A flame becomes the hope for a possible treatment against COVID-19 | Society | America Edition

A flame called “Tito” has become the “hope” of getting a possible treatment to neutralize COVID-19, as part of an innovative investigation carried out since Friday by scientists from the National Institute of Health (INS) of Peru.

The project uses a technology based on “recombinant nanoantibodies” to try to develop antibodies derived from South American camelids, capable of neutralizing the SARS-CoV-2 coronavirus in vitro and in an animal model of hamster.

The tests of the project, which is financed by the National Fund for Scientific, Technological Development and Technological Innovation (Fondecyt), began within the scope of the 124 years of creation of the INS, an agency of the Ministry of Health (Minsa).


INS molecular biologist Henri Bailón explained that the investigation began by placing “Tito” with a strain of the SARS-CoV-2 coronavirus virus obtained by culture and inactivated in the INS laboratory.

“Subsequently, Tito’s immune response will be analyzed and, when a good result is observed, a sample of his lymphocytes will be taken to isolate the genes that encode the nanoantibodies and a library of these genes will be built by cloning and other methods of molecular biology” , he detailed.

The expert said that after the construction of the “library of nanoantibodies”, those that act specifically against the virus S protein, essential for the binding of the virus to the cells it infects, will be selected.


The molecular biologist added that the effectiveness of nanoantibodies in the treatment of viral infection in cell culture and in hamsters will be evaluated.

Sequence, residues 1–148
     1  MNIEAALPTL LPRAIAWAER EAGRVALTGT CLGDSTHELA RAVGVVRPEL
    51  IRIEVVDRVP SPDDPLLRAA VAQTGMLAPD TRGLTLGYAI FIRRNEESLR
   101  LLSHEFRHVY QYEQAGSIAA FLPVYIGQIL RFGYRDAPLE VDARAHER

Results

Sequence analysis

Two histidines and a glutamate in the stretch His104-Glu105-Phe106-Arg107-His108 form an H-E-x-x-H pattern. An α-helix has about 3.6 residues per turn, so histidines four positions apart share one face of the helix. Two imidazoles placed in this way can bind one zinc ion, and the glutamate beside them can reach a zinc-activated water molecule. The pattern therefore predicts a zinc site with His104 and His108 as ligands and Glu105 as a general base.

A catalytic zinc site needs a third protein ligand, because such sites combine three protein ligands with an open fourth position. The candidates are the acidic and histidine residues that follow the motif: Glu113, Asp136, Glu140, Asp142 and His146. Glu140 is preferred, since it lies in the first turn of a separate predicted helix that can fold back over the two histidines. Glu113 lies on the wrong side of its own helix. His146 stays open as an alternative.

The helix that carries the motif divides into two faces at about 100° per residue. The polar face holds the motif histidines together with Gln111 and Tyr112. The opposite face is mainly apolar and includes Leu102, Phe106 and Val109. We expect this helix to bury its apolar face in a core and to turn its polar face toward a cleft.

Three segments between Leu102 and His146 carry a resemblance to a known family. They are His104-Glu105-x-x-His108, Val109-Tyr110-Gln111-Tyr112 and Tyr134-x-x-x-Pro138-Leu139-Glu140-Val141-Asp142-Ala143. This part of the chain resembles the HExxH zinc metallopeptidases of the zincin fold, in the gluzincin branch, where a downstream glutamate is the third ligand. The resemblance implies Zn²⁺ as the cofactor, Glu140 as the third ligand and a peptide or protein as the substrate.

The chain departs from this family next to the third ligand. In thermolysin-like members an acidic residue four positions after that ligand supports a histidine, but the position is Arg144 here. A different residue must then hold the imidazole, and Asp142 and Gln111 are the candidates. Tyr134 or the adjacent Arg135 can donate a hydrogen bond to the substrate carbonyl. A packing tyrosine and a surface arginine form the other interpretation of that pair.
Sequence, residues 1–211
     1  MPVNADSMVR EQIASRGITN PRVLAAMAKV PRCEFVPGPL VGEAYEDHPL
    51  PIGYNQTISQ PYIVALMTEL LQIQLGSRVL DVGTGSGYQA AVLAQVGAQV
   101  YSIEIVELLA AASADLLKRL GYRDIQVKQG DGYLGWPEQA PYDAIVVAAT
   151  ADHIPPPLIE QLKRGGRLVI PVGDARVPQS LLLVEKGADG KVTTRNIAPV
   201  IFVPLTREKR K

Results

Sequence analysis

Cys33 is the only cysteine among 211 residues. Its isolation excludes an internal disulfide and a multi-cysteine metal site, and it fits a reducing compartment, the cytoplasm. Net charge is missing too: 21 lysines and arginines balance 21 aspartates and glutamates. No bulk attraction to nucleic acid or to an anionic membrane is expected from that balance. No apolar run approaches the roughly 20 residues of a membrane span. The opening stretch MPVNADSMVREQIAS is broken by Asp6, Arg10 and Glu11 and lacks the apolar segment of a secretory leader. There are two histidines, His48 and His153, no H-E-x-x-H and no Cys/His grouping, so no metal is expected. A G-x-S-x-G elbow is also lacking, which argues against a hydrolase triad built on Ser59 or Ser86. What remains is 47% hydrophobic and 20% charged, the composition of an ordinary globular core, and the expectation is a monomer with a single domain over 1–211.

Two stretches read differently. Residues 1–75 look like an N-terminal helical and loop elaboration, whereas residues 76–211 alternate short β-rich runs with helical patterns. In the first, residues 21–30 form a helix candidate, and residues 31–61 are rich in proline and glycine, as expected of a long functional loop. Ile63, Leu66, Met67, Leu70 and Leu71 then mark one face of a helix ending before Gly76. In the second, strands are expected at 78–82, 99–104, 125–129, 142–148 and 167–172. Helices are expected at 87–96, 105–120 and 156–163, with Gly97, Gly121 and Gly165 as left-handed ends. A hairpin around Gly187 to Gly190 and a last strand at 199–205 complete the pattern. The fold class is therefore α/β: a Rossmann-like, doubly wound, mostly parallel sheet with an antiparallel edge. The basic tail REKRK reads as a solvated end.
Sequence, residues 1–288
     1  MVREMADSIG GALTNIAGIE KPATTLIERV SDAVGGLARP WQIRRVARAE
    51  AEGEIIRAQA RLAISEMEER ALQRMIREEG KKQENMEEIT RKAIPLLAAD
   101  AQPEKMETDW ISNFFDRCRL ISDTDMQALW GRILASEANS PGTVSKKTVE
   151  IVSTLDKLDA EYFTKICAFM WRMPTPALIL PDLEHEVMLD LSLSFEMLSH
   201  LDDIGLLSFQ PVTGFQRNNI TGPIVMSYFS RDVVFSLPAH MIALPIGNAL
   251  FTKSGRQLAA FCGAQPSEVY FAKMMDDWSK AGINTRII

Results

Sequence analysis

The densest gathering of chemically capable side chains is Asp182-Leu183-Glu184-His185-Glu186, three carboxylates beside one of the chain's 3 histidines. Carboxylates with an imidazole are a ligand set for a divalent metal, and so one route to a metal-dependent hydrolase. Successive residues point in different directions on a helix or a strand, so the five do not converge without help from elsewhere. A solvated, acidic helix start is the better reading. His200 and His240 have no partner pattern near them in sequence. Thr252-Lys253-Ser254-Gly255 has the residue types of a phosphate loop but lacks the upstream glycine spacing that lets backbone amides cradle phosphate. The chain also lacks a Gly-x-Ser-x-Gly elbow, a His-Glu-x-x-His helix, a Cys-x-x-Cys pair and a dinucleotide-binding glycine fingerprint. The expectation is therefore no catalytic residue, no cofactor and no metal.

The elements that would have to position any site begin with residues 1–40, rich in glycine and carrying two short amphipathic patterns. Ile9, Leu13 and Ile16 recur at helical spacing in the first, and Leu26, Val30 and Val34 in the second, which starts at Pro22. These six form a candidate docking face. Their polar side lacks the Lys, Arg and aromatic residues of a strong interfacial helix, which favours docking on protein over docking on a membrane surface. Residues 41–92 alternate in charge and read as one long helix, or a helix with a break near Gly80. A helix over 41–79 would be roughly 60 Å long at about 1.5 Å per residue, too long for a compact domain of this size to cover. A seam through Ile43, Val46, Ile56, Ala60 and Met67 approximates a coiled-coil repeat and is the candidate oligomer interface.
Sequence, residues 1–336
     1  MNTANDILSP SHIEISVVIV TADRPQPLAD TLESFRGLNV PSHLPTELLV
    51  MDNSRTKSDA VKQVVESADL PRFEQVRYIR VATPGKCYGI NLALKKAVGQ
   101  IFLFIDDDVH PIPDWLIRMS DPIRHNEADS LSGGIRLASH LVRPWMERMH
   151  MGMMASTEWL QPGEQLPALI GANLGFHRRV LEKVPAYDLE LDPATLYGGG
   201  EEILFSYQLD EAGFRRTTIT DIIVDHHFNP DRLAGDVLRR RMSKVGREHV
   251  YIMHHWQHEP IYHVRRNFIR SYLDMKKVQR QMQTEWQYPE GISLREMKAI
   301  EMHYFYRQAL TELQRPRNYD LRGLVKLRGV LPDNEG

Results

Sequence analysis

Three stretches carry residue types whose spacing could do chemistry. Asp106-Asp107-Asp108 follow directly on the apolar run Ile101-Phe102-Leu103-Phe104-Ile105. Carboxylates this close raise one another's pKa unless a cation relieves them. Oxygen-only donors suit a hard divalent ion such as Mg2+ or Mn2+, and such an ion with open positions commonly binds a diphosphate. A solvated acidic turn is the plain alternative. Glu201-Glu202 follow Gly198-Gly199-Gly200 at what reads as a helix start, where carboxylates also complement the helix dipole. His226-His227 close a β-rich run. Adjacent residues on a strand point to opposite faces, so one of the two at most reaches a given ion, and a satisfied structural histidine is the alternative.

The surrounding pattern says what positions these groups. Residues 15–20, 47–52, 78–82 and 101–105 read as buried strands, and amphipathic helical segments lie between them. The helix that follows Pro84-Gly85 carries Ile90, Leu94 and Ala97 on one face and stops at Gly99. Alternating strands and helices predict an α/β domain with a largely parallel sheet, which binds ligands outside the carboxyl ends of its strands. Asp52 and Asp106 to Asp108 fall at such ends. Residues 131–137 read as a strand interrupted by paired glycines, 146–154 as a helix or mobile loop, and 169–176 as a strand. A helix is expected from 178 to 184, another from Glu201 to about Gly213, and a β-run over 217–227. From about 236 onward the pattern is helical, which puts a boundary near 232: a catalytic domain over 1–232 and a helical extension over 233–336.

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“If they are able to effectively neutralize the infection, they can be used in a subsequent clinical trial, which is not part of this study, to assess the feasibility of its use as a treatment in people,” he said.

This project is led by eleven INS researchers, including five women, and has the collaboration of Dr. Patricia Herrera, from Universidad Peruana Cayetano Heredia (UPCH).


INS researchers already carried out in 2018 the research “Development of a synthetic antidote based on recombinant nanoantibodies against Bothrops atrox venom”, which was able to produce antibodies and evaluate its effectiveness to neutralize the toxic effects of snake venom in humans.

The specialized institute recalled that, for the control of COVID-19, currently “it is necessary to strengthen the diagnosis and treatment” of patients infected with the new coronavirus SARS-CoV-2.

“However, because it is a disease caused by a new pathogen, treatments are experimental and are still being evaluated, requiring the study and development of effective treatments,” he concluded.

Peru is currently the seventh country in the world, and the third in Latin America, with the highest number of detected cases of COVID-19, registering more than 450,000 infected and more than 20,400 deaths as of this Wednesday, although the same authorities indicate that these can exceed 40,000.

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